I just took PrepTest 68 (the December 2012 LSAT) under simulated testing conditions. I want to share some of my thoughts with you. This post will cover Logic Games for which I have already made the videos lessons (links below).
Stop reading if you haven't taken this prep test yet. It'll ruin the test for you.
LSAT 68 Logic Game Summaries and Video Explanation Links
Game 1 - A realtor is showing a prospective buyer seven houses. The first and second houses are shown in the morning. The third, fourth, and fifth are shown in the afternoon. The fifth and sixth are shown in the evening.
Game 2 - Five witnesses are scheduled to testify at a hearing. The hearing is scheduled on Monday, Tuesday, and Wednesday.
Game 3 - A maintenance company is taking service requests. Their clients are Image, Solide, and Truvest. For each client, there are two service targets - one for website requests and one for voicemail requests. The service targets are set for either 3 days, 2 days, or 1 day.
Game 4 - An editor will edit seven articles. Three articles cover finance, three cover nutrition and one covers wildlife.
Games 1 and 2
The first and second games are standard sequencing and grouping games where much of the board can be determined. I made a few sub-game boards to better visually represent the placement of items on the game board. Both games were solved in about 5 minutes each with no errors.
Game 3 - Maintenance Company
Since the first two games were quick, I expected the third and fourth games to be harder. The LSAT did not disappoint. The third one was confusing. I had to read the stimulus a couple of times to figure out how to set up the game board correctly. The stimulus used a lot of referential phrasing ("clients" and "service targets") that made the it hard to follow. The first rule took about 4 or 5 re-readings to sink in. I thought pretty hard about what it meant for "website targets to be not longer than voicemail targets." As is almost always the case, the time invested up front was worth it. I split up the game board into a few sub-game boards. Even with the sub-game boards drawn out, I still had to redraw them next to most of the questions to avoid careless confusion. This game took about 10 minutes with no errors.
Game 4 - Editor, Very Difficult
Going into the fourth game with about 15 minutes on the clock was comfortable. Still, I wasn't fully prepared for how difficult it would end up being. After setting up the game board and writing down the rules, I stared at the nearly blank page for a couple of seconds. I was pretty sure there would be no point in trying to spilt the main game board up into sub-game boards. The rules were so open that I couldn't make any inferences and so I didn't know where to start. But with plenty of time left on the clock I just hit the questions hard and thought I would brute force my way through them.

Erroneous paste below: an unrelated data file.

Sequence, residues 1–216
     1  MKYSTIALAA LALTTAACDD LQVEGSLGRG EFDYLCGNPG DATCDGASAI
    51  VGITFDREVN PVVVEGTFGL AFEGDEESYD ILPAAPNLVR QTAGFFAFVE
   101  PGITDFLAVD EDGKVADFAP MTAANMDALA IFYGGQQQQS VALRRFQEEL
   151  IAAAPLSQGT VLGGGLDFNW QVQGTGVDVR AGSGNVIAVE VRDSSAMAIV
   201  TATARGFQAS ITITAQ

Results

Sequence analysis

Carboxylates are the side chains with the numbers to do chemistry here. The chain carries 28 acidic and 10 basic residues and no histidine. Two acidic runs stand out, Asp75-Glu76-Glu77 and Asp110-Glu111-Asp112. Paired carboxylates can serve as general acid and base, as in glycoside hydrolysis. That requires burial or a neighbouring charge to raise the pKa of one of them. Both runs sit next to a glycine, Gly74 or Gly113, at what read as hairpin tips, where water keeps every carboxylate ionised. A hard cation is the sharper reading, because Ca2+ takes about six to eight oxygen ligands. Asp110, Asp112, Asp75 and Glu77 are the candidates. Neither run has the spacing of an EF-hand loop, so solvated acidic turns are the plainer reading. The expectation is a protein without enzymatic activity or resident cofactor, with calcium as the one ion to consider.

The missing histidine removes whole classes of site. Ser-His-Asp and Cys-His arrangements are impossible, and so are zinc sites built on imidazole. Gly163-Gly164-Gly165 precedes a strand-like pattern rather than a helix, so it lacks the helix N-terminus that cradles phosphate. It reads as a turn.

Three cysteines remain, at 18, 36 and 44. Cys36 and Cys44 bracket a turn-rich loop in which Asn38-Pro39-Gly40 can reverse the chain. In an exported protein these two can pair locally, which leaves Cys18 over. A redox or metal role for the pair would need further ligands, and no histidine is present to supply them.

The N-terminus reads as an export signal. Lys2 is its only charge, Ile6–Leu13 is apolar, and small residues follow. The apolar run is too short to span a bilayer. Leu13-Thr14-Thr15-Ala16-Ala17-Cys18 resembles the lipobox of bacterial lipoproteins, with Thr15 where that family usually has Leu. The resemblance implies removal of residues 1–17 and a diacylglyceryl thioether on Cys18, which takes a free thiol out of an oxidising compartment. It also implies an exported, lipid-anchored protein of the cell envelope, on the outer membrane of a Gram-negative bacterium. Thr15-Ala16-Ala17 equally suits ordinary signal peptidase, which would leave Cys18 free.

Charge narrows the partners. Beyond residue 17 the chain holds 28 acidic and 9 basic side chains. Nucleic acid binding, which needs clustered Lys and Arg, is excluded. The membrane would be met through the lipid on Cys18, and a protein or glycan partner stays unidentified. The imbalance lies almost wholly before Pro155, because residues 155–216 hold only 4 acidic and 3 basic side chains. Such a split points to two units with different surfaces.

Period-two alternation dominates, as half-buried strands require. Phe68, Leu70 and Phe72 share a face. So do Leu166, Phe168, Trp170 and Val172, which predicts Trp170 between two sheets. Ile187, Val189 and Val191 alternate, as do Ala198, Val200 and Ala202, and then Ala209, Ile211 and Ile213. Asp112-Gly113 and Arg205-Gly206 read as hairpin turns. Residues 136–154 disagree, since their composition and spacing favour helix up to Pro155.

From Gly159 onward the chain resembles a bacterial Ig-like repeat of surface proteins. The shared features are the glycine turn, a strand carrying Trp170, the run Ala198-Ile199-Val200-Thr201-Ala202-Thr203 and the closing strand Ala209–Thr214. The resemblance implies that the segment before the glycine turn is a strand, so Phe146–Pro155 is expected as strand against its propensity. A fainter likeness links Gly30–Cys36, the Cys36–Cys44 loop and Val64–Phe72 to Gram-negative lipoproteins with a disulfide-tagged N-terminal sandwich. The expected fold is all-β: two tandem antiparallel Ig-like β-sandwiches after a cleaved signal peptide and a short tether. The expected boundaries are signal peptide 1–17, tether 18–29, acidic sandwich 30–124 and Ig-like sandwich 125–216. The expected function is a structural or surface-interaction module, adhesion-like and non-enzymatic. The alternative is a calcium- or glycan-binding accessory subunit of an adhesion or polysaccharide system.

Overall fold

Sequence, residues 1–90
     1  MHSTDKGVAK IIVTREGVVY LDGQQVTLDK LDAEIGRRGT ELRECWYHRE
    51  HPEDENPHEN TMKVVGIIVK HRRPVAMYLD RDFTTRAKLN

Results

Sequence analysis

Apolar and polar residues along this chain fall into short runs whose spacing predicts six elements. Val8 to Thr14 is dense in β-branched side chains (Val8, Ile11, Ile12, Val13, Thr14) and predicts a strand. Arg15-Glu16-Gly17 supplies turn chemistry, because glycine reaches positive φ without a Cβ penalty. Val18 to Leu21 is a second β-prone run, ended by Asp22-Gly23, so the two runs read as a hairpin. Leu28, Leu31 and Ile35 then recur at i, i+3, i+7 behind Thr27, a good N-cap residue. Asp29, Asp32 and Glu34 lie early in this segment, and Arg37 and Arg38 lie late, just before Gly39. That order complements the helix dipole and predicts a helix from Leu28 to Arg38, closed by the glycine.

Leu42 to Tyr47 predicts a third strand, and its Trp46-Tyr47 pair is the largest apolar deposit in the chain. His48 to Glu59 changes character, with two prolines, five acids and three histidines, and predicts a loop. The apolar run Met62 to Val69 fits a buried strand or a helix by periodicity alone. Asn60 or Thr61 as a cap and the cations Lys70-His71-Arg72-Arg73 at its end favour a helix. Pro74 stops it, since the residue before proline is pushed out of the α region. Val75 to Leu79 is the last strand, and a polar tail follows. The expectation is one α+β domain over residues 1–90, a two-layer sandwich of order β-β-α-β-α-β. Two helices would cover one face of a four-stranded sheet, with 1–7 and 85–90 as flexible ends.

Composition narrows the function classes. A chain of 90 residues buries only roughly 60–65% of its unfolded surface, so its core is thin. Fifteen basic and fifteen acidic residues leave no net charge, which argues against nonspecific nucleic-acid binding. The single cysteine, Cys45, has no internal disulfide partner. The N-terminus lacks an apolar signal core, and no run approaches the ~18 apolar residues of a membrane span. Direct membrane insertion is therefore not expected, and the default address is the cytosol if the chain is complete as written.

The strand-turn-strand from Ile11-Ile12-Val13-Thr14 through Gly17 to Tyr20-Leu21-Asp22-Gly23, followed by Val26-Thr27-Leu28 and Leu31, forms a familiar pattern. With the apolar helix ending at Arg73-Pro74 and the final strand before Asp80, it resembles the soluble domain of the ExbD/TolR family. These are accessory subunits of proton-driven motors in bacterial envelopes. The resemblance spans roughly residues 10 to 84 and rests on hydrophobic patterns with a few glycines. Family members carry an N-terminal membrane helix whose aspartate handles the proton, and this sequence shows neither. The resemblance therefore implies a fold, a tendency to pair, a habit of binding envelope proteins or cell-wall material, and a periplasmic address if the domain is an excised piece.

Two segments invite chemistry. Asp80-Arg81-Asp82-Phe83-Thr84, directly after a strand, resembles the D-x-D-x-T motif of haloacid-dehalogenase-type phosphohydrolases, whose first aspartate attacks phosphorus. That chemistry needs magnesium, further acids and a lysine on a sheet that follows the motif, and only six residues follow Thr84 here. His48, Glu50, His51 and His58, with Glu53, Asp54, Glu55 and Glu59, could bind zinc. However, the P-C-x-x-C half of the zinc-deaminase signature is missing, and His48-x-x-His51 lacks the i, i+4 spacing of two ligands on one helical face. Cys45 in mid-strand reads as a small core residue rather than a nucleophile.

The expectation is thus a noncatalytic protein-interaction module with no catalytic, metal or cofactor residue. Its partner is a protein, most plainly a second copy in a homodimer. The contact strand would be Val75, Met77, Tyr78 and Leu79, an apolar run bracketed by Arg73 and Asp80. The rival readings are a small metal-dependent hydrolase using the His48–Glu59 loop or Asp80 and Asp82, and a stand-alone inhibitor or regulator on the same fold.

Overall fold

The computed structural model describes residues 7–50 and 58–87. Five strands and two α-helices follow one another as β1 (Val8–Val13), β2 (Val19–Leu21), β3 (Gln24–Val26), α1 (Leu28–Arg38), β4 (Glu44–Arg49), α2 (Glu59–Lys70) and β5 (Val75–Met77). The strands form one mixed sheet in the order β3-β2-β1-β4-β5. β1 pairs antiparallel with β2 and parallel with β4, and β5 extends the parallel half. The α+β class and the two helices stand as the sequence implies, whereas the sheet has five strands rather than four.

That was risky. Most of the questions required a separate game board setup for each answer choice. That meant creating making up to 5 game boards for each question! That felt paralyzing. But you just do it. By the time I got to the last 2 questions, I was down to 2 minutes. Brute force is a highly time consuming strategy. For the second to last question, after spending about a minute on it, I eliminated the answers down to two. I had a strong feeling about one of them and just chose it so I could move onto the last question. I didn't prove it out. I just moved onto the last question. I got lucky and got it right.
With under a minute left for the last question, I looked at answers and guessed at which one of the five probably was right given what I knew about the dynamics of the rules. Before I could even prove my only guess at the correct answer, time ran out so I had to bubble in my choice. I got lucky again.
So, what's the take away? Two of these four games were hard. You have to be able to move through the easy ones very quickly to save up enough time to tackle the hard ones.
For more Logic Games explanations like these, hop over to our Logic Games page. There, we’ve recorded video explanations for every Logic Game going back over a decade. All in HD, with variable playback speed, and you get to ask questions. Oh, the best part: it’s completely free.